Teaching Kids to Save Money

photo of a young boy cashing money into a piggy bank

Teaching your child not to spend

One of the hardest things to do is to make yourself wait to buy something you really want. Even as adults, when we see something we want, it's difficult not to buy it (especially if we have the means to do so). But delayed gratification is important to be able to handle, especially for kids. Delaying gratification can even predict how successful someone will be as a grown-up. Kids need to learn that if they want something, they should wait and save up money to buy it. It's important for kids to understand at a young age that going into a store doesn't always mean that they're going to buy something.

Teaching your child to save

One easy way to teach your child to save money is to create money jars (or piggy banks) for different uses. Set one jar aside for saving, one for spending, and one for sharing. This teaches your child that, not only is it important to not immediately spend all of your money, but it is equally as important to be generous towards others. When your child earns money, divide the amount equally among the three jars so that they get used to setting money aside. Allow the "Spending" jar to be used for small items, such as candy or stickers. The "Saving" jar should be set aside for larger or more necessary purchases. Finally, the "Sharing" jar should be used for your child to buy presents for family and friends, or donate to a cause or charity.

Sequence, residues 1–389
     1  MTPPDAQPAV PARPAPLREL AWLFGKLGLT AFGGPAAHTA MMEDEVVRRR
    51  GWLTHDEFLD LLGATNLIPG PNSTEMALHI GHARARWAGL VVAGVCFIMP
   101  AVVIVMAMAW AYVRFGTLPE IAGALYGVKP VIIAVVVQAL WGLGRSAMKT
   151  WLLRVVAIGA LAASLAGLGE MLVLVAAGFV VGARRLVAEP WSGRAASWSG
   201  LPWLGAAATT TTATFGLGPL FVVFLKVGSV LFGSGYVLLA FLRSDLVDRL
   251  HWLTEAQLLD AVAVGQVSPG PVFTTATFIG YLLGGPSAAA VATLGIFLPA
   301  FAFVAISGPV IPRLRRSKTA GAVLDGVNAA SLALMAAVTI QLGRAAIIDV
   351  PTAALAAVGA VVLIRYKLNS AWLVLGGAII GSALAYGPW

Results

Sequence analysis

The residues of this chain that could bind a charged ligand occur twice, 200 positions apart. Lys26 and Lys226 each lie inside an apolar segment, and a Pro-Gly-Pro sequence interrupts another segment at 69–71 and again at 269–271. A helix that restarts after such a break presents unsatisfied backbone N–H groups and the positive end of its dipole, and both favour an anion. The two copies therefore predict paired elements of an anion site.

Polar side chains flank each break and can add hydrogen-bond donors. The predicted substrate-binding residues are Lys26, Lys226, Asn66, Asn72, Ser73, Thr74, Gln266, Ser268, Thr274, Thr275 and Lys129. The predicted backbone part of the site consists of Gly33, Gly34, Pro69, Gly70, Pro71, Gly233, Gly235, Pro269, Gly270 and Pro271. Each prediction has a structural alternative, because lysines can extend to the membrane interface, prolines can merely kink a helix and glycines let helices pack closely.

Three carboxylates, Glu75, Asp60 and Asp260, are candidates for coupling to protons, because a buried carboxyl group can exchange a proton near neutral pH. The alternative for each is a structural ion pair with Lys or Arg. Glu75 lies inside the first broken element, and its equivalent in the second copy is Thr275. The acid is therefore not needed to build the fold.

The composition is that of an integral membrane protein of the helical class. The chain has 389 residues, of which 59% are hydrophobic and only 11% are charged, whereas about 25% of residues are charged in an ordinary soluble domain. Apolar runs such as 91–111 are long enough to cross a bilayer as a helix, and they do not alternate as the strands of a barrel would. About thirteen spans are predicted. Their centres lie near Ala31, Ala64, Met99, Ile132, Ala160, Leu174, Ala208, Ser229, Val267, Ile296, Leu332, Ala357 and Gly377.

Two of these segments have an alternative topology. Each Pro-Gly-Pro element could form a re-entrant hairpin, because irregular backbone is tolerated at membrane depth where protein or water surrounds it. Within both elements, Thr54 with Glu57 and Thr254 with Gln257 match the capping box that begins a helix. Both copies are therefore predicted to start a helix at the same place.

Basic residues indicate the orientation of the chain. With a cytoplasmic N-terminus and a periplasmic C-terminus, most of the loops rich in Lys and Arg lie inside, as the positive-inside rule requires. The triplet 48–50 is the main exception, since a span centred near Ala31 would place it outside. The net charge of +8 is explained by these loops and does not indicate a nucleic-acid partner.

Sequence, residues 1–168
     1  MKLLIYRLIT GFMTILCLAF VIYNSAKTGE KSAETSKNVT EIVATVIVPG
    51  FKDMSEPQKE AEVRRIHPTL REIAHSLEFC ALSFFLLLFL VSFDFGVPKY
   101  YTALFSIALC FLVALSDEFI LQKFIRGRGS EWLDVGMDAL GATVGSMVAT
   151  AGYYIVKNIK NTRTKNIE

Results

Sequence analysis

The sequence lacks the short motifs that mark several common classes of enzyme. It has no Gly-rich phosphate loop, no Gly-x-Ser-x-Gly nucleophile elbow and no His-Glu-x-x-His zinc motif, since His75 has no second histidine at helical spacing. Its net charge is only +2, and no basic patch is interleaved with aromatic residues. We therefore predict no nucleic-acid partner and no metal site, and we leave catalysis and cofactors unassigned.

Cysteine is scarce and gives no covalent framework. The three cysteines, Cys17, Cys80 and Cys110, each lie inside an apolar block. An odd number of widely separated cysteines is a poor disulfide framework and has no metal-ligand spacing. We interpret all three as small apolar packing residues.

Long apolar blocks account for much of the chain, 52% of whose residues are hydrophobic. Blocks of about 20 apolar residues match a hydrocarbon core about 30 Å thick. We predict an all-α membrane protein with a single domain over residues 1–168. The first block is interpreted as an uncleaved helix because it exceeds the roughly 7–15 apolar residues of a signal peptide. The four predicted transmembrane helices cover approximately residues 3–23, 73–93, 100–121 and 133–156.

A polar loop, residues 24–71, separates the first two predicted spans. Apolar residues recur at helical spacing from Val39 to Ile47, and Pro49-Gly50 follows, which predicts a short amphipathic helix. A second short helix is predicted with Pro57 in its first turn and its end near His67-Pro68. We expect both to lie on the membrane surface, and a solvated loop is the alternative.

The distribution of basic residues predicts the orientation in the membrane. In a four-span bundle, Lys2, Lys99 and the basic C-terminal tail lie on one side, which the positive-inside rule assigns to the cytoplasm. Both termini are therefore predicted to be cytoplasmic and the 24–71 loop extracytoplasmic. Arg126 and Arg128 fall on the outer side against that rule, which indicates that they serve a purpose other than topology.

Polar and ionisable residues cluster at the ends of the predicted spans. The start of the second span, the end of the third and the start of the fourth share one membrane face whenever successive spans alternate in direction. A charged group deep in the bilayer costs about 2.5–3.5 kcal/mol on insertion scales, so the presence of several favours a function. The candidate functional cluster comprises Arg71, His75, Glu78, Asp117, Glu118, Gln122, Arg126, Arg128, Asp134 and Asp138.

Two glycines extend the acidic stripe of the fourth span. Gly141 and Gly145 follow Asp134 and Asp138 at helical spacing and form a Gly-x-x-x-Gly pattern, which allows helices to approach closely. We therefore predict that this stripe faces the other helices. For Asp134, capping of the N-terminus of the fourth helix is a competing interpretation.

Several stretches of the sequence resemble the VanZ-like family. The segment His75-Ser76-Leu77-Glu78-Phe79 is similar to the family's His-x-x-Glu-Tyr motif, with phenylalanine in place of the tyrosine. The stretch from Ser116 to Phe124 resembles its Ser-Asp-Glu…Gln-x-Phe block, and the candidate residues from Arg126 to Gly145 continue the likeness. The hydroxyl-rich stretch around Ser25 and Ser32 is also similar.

Teaching your child to set goals

Encouraging your child to set small, reasonable goals can show them how rewarding it is to accomplish something that they work for. Make sure this goal is something that can be attained within a few weeks or else they may become frustrated. This will not only teach them the worth of money and the importance of working for it, but will also teach them how valuable it is to want something for yourself and to reach that goal.

These tips should be applied at any age in life, because they are important steps to success. However, instilling these practices at a young age will give your child knowledge about smart money spending/saving before money becomes something prominent in their everyday life. Children from ages 3-5 are perfect students for these teachings because they are entirely dependent and have no need for money, but are just reaching the age where they begin to want it.